UKHSA attempt to restrict use of calculations to measure how well vaccines are working
Public Health England has been replaced by the UK Health Security Agency, and the new agency has already made changes in what data is reported but moreover are trying to police what people do with it.
The data for numbers tested and positive by age has been stopped, as has the chart showing rates of infection by age in the vaccinated and unvaccinated cohorts. Thankfully the data on case numbers and the rates are still being reported.
The data are now presented with the following caveat:
“We present data on COVID-19 cases, hospitalisations and deaths by vaccination status. These raw data should not be used to estimate vaccine effectiveness as the data does not take into account inherent biases present such as differences in risk, behaviour and testing in the vaccinated and unvaccinated populations. Vaccine effectiveness is measured in other ways as detailed in the ‘Vaccine Effectiveness’ Section”
What the UKHSA fail to take into account is that, if their claims on vaccine effectiveness against infection were true, then either their database has overestimated the adult population by 7.5 million, or there have been so many undisclosed cases that deaths per case are comparable in the unvaccinated and vaccinated.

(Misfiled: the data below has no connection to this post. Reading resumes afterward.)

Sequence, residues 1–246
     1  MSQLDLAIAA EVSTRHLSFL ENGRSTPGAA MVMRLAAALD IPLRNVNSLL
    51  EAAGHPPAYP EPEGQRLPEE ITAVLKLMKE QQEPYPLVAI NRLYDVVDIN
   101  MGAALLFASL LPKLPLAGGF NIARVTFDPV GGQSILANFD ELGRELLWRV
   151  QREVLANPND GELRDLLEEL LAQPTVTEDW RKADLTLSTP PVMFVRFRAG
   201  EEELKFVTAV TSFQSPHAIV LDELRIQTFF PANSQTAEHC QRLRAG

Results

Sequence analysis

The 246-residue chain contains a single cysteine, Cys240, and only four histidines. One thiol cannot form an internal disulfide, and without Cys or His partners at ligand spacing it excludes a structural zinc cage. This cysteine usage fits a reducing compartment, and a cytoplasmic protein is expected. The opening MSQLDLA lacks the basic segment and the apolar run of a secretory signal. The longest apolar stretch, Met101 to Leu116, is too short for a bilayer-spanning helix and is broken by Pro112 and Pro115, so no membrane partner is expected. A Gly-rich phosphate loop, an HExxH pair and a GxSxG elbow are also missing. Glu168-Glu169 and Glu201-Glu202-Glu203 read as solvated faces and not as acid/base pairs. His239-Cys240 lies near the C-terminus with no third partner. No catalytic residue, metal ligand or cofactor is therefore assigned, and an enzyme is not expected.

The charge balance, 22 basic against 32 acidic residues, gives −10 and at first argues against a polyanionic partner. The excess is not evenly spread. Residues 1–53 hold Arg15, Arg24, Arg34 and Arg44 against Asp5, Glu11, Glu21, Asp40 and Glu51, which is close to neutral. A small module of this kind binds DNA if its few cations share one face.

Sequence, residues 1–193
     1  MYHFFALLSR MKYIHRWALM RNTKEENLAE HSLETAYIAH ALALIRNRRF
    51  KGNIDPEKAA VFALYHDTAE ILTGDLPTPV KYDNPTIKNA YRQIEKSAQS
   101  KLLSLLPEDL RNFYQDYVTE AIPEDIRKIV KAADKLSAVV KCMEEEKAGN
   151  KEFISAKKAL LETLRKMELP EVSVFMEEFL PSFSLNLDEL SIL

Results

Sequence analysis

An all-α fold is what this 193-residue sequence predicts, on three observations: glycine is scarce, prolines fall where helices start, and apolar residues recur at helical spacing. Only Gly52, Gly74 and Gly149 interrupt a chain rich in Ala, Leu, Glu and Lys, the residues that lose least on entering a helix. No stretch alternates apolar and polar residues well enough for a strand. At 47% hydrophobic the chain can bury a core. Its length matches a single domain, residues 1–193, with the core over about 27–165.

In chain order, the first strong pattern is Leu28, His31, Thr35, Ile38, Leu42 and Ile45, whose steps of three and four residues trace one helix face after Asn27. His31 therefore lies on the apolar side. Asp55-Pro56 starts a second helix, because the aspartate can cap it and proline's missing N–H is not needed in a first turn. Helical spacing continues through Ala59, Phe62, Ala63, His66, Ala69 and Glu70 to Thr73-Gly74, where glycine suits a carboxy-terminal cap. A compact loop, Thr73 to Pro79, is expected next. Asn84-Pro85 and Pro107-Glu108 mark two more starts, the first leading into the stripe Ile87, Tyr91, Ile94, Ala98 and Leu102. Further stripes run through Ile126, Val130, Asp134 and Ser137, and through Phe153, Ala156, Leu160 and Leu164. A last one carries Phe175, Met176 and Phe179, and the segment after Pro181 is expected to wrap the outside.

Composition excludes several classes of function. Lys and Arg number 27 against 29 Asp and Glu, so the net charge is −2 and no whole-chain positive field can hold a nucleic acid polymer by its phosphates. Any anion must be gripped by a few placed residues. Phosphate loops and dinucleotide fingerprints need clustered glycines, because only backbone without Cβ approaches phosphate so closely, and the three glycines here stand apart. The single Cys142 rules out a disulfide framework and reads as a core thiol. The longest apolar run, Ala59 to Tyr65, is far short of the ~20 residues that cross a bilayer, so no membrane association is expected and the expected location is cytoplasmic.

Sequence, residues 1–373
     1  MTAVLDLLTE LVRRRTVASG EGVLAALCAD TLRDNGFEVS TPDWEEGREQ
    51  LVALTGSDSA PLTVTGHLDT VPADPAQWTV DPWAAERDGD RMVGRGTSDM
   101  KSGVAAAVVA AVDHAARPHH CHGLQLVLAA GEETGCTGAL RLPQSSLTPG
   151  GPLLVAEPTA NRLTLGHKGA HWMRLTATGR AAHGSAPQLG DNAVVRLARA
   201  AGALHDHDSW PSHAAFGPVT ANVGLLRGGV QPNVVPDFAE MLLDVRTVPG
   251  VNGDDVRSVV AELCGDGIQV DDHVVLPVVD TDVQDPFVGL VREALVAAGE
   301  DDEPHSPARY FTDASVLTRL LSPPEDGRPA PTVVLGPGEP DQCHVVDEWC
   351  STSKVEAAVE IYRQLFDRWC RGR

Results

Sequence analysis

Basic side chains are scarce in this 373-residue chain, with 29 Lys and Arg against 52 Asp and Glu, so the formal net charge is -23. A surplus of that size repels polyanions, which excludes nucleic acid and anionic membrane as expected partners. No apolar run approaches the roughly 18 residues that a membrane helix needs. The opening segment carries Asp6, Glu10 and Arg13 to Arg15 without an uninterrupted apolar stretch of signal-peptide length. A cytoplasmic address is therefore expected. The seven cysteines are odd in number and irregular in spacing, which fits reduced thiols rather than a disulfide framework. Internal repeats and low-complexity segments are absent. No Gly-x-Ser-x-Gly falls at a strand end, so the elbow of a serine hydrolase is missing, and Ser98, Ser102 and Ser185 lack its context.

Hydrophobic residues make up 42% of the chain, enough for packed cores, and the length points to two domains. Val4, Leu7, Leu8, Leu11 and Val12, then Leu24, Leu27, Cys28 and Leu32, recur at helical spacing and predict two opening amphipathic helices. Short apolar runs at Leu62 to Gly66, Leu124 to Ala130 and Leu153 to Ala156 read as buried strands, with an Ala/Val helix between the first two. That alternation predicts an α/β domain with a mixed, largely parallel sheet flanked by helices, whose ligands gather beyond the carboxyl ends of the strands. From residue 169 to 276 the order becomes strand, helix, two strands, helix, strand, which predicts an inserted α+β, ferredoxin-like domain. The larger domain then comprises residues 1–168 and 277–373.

UKHSA is attempting to redefine a mathematical concept. The term for the percentage reduction in cases in a vaccinated cohort, compared to an unvaccinated cohort, is the vaccine effectiveness. A new word should not need inventing for this concept. The real world data may have inaccuracies in the numbers unvaccinated but the published literature is littered with its own biases. The CDC make clear that vaccine effectiveness is the term to use with real world data, and vaccine efficacy is reserved for calculations based on controlled studies. After all, if, as UKHSA claim, behavioural changes as a result of vaccination negate their benefit, then there needs to be a way of measuring that in the real world. Furthermore, UKHSA claim to be calculating vaccine effectiveness with other methods comparing the vaccinated proportion of the population coming forward for testing and testing positive. However, oddly, they have not reported on these results since May. There is room for critiquing the figure once it has been calculated but the ability to calculate the figure is not something that UKHSA have a right to police.